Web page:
According to government data, Sofala – the province most affected by the conflict – produced approximately 1,789,010 tonnes of crops in the 2012/2013 harvest. The average productivity rate was of 2.39 tonnes per hectare, which represents an increase of about 20% compared with the 2010/2011 harvest. Agricultural production in the districts of Nhamatanda, Gorongosa, Marringué, Chibabava, Machanga and Dondo, which are responsible for 50% of the total production in this province, will be impaired this year due to the fact that peasants had to flee their fields or are only partially able to cultivate them due to the climate of uncertainty and the suspension of agricultural extension services.

Based on existing data, UNAC estimates that around 345,000 peasants (approx. 69,000 families) are directly or indirectly affected by the war in the districts of Machanga, Chibabava, Maringué, Gorongosa, Nhamatanda and Dondo in Sofala; Moatize in Tete; Macossa in Manica; Rapale and Mecuburi in Nampula; Homoine, Funhalouro and Vilanculos in Inhambane. These figures refer to refugee families and families whose movement and security is restricted by the climate of war, affecting their agricultural activities.

People’s reports and credible sources have confirmed cases of intimidation and harassment of peasants, female and male, by both parties. Peasants have been accused of belonging to or collaborating with one of the parties to the conflict, simply for continuing to live in areas of conflict and carrying out agricultural activities. Many such cases have been reported in the districts of Gorongosa and Chibabava. On the other hand, many peasants have been displaced and housed in precarious accommodation centers without access to adequate housing clean water or food.

The existing climate of war and the consequent infringement of rights, including the right to life, the right to adequate housing, the right to adequate food, the right to decent work, the right to freedom of movement and to live in any part of the country stands in contrast to the declaration of agriculture as a priority on the continental agenda by African Heads of State and Government (adopted at the 22nd African Union Summit on January 30-31 in Addis Ababa, Ethiopia.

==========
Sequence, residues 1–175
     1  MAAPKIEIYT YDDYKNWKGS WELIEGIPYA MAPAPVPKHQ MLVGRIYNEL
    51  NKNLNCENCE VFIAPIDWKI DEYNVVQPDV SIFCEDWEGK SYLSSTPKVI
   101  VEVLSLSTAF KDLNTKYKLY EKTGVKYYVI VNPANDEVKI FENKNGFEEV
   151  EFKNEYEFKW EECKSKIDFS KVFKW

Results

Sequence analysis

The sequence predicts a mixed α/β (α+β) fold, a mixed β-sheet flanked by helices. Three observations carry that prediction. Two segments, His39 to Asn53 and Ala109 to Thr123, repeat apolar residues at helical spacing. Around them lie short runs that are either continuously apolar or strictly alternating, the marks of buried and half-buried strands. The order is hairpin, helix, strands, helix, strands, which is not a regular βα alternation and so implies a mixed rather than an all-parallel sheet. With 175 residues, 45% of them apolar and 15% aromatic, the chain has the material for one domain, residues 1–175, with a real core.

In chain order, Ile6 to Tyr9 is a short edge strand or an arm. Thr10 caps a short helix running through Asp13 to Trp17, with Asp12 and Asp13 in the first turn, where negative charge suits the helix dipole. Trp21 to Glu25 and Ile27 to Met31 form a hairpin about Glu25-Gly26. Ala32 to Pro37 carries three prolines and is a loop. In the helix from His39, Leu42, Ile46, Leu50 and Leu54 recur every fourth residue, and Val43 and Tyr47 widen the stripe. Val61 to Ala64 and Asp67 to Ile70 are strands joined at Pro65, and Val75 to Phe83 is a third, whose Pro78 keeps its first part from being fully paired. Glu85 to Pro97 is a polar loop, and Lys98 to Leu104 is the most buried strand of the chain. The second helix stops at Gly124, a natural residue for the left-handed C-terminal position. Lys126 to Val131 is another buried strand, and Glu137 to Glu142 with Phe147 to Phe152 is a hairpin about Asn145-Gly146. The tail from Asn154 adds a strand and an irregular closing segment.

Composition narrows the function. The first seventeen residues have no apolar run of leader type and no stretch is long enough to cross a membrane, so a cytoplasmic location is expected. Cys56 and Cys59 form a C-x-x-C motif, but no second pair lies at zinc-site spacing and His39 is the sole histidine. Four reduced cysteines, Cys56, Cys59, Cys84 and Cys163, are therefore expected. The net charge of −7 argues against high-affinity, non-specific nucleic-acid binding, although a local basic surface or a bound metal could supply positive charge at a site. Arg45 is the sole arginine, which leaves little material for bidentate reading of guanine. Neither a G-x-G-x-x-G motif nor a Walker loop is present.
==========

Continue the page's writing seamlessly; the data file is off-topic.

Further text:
This apparent public recognition of agriculture by African leaders will make sense only if a climate of peace prevails in Mozambique, Africa and the world. We as an African country dream of the comprehensive fulfillment and the practical implementation of the Maputo Declaration of 2003 in which States, including Mozambique, committed to increase the budget for agriculture to ten percent of the total. In addition to these pledges to strengthen the agricultural sector, we also highlight the decision of the General Assembly of the United Nations to declare 2014 as the International Year of Family Farming. This supports peasant families in reaffirming their urgent need for peace so that they can continuing meeting their essential commitments to the Mozambican people, always guided by the spirit of national reconciliation.

At this critical moment of fear and terror that hovers over peasant families across the country, we, peasant leaders, members and activists of all UNAC, reiterate our solidarity and full and unconditional support to the comrades, who, with courage and determination, have hosted the district unions and fellow refugees in their homes. Moreover, we reaffirm our inalienable commitment to peasant agriculture and to the struggle for the realization of the constitutional rights in defense of life. We remain firm in our fight, oriented and in full accordance with the constitutional provision under which agriculture is the basis of development of our country.

Peasants, female and male, demand from the warring parties an immediate end to hostilities, and the abandoning of armed struggle as the only way to resolve disputes. It is imperative to end all attacks and military clashes that affect the development of sovereign peasant agriculture and the wellbeing of all Mozambicans. Likewise we urge the parties to re-establish mechanism of dialogue which are broad, inclusive, transparent, effective and democratic.

“With shovels in our hands and our feet firmly on the earth, we dream of a better and viable Mozambique, where everyone can feel her/himself to be the sons and daughters of peasants of this land for which we fought and liberated!”

A united peasantry will triump!